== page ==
by Alex Fitzsimmons
On September 30, President Obama signed the Child and Family Services Improvement and Innovation Act (P.L. 112-34), having been passed with strong bipartisan support in both houses of Congress. The law, which renews the Department of Health and Human Services’ (HHS) authority to grant child welfare waivers to states, provides states with greater flexibility to meet the needs of vulnerable children.
“This is great news for states, and for the children who will benefit from the projects,” said Georgia State Senator Renee Unterman. “NCSL pushed hard for this in Washington for several years, and I’m glad Washington got the message.”
In letters to the House Ways and Means Committee and Senate Finance Committee, NCSL strongly urged Congress to pass the legislation, emphasizing the need to provide states with the flexibility to implement child welfare services that will safely reduce out-of-home placements and improve child outcomes.
The waiver authority encourages a state-federal partnership under which states are pushed to compete for a limited number of HHS waivers: up to ten per year from 2012 to 2014. The waivers, which expired in 2008, last for five years and can be extended at the discretion of the secretary.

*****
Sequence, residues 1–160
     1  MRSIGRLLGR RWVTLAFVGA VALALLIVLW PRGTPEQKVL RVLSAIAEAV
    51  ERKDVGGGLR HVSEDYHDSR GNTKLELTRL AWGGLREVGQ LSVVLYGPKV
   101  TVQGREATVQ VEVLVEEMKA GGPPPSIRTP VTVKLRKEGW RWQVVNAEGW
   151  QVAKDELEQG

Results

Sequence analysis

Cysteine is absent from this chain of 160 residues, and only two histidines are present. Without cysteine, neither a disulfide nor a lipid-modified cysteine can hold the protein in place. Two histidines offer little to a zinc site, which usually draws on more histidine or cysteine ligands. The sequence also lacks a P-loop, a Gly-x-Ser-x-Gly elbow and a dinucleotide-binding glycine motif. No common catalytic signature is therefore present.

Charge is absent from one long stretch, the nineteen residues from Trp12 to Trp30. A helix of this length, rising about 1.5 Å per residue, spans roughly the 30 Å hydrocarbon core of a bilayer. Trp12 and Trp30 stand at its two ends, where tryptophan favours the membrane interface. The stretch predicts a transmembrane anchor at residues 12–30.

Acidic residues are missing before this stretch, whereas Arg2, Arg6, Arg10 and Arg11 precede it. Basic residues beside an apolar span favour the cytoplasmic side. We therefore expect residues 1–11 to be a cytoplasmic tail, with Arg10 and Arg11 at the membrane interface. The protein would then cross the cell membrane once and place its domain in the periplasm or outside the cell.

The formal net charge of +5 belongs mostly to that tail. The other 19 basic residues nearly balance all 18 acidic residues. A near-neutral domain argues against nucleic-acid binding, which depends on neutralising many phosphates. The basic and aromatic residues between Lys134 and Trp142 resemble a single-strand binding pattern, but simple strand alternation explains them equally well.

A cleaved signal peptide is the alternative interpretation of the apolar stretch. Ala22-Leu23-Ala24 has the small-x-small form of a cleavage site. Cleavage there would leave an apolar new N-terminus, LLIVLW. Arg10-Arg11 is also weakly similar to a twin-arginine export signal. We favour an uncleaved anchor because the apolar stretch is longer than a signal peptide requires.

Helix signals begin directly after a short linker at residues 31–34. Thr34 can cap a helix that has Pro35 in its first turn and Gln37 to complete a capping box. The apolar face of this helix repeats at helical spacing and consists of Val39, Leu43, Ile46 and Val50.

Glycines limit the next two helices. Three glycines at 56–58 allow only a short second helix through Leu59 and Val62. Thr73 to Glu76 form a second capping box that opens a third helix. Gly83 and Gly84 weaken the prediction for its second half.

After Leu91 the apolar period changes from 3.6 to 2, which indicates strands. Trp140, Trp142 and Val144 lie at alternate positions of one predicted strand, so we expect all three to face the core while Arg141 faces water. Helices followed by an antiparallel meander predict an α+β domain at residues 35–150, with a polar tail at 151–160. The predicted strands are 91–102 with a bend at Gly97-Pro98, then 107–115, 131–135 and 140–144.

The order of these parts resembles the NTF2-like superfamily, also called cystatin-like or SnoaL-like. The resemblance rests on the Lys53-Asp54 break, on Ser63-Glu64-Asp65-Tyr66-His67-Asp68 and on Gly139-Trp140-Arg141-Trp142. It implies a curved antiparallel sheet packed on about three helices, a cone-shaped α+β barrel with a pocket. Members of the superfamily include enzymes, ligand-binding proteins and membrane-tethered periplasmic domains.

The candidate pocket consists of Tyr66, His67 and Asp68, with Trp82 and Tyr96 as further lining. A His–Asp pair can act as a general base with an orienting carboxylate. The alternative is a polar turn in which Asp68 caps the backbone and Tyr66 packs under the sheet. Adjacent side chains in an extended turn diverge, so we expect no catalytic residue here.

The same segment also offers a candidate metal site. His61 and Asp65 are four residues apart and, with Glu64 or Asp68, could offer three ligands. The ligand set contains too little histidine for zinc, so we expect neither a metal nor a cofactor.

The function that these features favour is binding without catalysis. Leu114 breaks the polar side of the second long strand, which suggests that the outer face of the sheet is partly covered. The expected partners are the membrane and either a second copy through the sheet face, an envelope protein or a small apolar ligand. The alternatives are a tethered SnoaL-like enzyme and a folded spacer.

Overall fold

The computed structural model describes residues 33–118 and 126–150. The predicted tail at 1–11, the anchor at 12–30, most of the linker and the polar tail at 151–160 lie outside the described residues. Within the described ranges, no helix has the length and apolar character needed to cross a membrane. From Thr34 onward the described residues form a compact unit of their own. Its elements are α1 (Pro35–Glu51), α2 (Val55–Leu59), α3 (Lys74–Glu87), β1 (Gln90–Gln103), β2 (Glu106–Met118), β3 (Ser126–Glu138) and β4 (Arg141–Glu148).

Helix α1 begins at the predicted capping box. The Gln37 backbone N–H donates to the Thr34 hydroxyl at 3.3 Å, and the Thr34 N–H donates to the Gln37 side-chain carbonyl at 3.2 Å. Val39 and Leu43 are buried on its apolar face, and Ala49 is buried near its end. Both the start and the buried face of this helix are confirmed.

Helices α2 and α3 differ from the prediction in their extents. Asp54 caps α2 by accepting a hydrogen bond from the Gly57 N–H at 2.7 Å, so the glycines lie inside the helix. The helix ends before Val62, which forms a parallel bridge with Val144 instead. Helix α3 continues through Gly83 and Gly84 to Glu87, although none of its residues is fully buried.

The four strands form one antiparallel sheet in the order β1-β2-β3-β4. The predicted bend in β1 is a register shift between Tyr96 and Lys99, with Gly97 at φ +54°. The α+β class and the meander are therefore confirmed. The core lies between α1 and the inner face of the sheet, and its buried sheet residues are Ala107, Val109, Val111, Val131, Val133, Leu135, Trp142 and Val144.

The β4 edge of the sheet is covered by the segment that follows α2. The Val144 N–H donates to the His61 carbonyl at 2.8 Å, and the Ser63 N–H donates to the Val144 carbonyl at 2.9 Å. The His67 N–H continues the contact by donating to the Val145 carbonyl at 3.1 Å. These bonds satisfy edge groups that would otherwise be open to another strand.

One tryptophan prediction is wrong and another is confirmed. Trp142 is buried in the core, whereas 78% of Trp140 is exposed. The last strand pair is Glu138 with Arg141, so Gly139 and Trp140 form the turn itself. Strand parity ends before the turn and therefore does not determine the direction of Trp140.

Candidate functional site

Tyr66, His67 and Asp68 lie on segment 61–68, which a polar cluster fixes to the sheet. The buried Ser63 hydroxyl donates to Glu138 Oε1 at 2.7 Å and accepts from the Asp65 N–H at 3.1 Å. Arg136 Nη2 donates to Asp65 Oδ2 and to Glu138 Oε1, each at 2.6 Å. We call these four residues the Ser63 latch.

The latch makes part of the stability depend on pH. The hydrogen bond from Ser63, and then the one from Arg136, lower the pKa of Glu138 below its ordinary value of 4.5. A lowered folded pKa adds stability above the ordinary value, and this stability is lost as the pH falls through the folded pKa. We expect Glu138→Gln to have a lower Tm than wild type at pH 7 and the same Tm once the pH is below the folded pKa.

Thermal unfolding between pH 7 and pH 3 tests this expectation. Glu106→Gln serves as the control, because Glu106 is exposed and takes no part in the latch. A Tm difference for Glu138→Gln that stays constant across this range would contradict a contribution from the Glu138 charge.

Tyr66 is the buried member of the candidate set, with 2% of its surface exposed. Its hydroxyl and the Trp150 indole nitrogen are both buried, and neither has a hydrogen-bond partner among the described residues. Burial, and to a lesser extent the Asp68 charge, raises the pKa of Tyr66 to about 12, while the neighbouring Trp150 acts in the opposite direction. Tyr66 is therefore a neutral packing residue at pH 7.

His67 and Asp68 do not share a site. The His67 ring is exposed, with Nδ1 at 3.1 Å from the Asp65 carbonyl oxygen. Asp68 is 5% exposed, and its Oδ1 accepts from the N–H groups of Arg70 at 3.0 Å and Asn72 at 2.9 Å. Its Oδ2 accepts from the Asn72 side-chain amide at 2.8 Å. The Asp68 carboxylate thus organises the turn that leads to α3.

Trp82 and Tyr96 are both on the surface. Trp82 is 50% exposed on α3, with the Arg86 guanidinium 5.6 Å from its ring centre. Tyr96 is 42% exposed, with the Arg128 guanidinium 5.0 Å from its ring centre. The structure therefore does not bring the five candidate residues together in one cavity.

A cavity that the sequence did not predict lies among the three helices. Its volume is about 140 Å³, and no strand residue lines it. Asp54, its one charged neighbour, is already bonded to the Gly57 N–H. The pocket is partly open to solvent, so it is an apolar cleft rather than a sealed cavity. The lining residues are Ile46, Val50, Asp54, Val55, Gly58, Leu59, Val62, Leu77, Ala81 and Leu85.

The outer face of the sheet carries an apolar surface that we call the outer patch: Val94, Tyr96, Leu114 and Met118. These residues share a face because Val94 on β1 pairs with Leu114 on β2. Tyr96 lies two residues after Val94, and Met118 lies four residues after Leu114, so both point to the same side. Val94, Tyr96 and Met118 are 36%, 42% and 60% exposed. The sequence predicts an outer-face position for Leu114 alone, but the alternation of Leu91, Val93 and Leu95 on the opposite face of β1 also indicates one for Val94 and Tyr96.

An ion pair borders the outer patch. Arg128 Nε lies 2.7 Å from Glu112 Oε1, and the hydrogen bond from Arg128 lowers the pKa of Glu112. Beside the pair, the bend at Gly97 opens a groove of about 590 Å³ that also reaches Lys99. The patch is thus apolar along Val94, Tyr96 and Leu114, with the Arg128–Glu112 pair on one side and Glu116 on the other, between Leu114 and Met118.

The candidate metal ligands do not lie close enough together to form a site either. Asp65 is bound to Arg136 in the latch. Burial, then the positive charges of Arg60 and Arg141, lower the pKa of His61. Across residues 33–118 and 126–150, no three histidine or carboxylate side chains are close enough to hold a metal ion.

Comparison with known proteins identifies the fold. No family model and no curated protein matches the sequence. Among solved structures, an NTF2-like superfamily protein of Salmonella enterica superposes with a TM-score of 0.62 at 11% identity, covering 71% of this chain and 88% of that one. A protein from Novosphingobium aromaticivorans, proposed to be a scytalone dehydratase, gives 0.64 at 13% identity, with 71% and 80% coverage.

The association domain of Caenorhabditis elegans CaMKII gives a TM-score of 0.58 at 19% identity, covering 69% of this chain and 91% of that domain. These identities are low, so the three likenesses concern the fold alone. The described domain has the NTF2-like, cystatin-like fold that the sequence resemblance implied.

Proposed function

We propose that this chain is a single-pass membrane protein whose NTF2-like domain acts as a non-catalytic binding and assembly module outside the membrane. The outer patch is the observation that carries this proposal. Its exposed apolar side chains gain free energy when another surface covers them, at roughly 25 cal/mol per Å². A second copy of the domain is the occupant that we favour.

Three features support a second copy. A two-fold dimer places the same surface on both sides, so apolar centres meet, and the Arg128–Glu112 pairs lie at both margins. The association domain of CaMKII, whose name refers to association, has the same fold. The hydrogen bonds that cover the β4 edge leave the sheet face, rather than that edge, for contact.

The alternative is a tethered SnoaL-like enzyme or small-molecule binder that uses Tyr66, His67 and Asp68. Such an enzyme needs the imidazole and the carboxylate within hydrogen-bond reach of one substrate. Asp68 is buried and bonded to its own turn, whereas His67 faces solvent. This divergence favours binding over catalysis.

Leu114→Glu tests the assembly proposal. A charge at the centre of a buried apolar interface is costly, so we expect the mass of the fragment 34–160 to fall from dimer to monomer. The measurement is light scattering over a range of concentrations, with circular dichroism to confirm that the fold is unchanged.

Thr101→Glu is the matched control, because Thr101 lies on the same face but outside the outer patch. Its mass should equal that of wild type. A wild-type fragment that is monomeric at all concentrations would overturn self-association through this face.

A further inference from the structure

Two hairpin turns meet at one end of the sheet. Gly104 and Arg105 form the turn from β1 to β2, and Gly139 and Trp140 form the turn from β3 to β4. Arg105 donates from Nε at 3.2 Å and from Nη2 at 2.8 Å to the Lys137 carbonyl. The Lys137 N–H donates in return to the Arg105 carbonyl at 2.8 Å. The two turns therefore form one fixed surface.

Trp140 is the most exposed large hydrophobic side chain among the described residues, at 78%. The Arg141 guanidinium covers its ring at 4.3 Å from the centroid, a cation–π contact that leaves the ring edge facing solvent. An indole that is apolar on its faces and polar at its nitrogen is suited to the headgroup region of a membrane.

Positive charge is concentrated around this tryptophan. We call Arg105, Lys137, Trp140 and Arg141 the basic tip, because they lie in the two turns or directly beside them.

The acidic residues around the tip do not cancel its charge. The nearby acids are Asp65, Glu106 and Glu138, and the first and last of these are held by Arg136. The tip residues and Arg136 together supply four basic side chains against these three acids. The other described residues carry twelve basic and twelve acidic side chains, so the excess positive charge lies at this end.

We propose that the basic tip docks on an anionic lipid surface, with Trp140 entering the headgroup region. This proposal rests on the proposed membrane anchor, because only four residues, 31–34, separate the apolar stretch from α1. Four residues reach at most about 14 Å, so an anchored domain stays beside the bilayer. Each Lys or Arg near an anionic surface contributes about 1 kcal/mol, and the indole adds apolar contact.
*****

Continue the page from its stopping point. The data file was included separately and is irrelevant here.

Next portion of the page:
NCSL was pleased that the final version of the bill did not include a maintenance of effort requirement that would have precluded many states from participating in the demonstration projects due to fiscal constraints.
In 2008, the Fostering Connections to Success and Increasing Adoptions Act codified into law a set of broad-sweeping reforms aimed at improving safety and permanency programs for foster children. Now, thanks to the Child and Family Services Act, HHS waivers to Title IV-E requirements will empower states to continue to promote safe, permanent outcomes for the country’s most vulnerable children and families.
Alex Fitzsimmons is a communications intern in NCSL's Washington office.